You mean you have all these Mexicans working for you, you were married to one, your kid is half-Mex, and you ain’t got  no tequila?  What kind of a ranch do you run, Old Man?  Johnny wanted to say.  Instead, he sighed heavily.  

Teresa interjected.  “Johnny, Mr. Lancer. . .Murdoch. . .has some very fine brandies, and wines, that you might like.”

Johnny smiled at the girl.  “No, thank you.  I wanted tequila. . . .and Johnny Madrid always gets what he wants.”

Before Murdoch could open his mouth, Johnny continued.  “Seems to me if you’re so willin’ to get a clock for me to keep track of the time, you’d be just as willin’ to buy some tequila.  For good measure, Old Man. .” his voice was soft.  And cold.

Murdoch  had had enough of the younger man’s total lack of respect.  Staring down at his son, he advised him, “Whether you like it or not, young man, I am your father, and as long as you’re in this house, my home, you will treat me with respect.  If you don’t want to call me Murdoch, Mr. Lancer will do. . .Do I make myself clear?”

“Crystal. . .” was the younger man’s terse reply.

Johnny Madrid couldn’t explain it, but he feared Murdoch Lancer.  Former opponents didn’t intimidate the gunfighter as much as this man—his own father—did.

Dammit, he’s good.

After glaring at one another for what seemed like an eternity, Murdoch simply said, “The tequila will be ordered first thing in the morning.”

Johnny nodded his acknowledgement.

Scott and Teresa sat glued to the sofa, wanting to say something—do something—to lighten the heavy atmosphere of the room.  It was a blessing when Maria came out of the kitchen, announcing that she was ready to serve dinner when everyone was present.  It was then that she spied Johnny.

She walked toward him, but her eyes were on his father.  No question needed to be asked; Murdoch simply said, “Si Maria.  Is. . . .Juanito.”

She approached Johnny where he stood and softly placed her hands on his face.  As with Scott minutes earlier, Johnny displayed an expression of puzzlement.  She ran her hands through his dark hair, and gently pinched his cheek.  They began to converse softly in Spanish.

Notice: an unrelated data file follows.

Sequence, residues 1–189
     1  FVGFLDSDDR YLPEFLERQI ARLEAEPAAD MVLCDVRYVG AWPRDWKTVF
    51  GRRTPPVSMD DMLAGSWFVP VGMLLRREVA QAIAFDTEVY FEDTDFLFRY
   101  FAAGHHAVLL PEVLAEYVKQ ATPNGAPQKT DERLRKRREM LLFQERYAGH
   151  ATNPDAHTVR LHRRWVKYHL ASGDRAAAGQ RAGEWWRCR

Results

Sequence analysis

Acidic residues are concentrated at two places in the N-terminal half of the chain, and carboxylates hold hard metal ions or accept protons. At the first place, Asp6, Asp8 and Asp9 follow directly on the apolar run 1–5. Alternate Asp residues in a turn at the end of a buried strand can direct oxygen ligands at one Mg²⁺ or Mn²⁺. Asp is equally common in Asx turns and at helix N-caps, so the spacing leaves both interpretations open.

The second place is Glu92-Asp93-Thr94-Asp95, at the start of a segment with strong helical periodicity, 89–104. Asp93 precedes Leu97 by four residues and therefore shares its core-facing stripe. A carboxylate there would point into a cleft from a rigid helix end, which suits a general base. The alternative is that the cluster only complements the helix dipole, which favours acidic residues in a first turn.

“Those eyes. . .just like your papa’s.  And that face. . .I would know you anywhere child.  You are beautiful. . .just like your mama. . .” Maria said, tears gently running down her cheeks.

“You knew my Mama?” Johnny softly asked.

“Si.  She was like. . .a daughter to me.  And you. . .you were like the child I could never have.  I have missed you so much, but you are here now, with your papa.  Where you belong. . .”

“Si. . .” was his quiet response.

Maria stood on her toes and gently kissed the young man’s cheek.  “Your papa has missed you. . .he loves you so,” she whispered in his ear.  Johnny gently took her hands in his, and kissed them.

“Gracias. .” was all he could think to say, as a small tear found its way down his cheek.

Maria looked lovingly at Johnny for a few more seconds, then wiped her eyes and announced  that “the special dinner for the Patron’s sons was ready.”  Scott and Teresa glanced at one another, and sensing the need for his father and brother to be alone, Scott took her arm in his, leading her to the elegant dining room table.

Johnny stared at his father, but the stare was not one of anger.  Or insolence.  Rather, a questioning look; a look that softened the heart of Murdoch Lancer as he recognized, for the first time, the face of his son. . .Johnny Lancer.

“That was. . .Maria.  She is my housekeeper, cook, and friend. . .to everyone.  She was here when you. . .were born.    She took care of you. . .and your mother,” Murdoch slowly, and thoughtfully, explained.

“She is treated well?  With respect?” Johnny asked slowly, and a bit harshly.

“Yes,  Johnny.”

“They. . .all are?” Johnny questioned, his voice softer and almost pleading.

“Yes, . .” Murdoch gently replied.

“They. . .she. . . .better be. .” was Johnny’s stern warning to his father.

Murdoch nodded his understanding, and Johnny nodded his in return.  No words were needed between father and son.

Murdoch cleared his throat, and advised dinner was ready.  Johnny took two steps forward, then paused, and in an automatic show of manners, gave the older man the opportunity to go ahead of him.  Murdoch saw this, and waved for Johnny to go ahead.

He does have some manners at that, Murdoch sighed.

Scott had  helped Teresa to her chair and he stood, not knowing where to sit.  Murdoch, of course, sat at the head of the table, and Teresa asked Scott to sit across from her.   Which left Johnny sitting next to Teresa, to her left.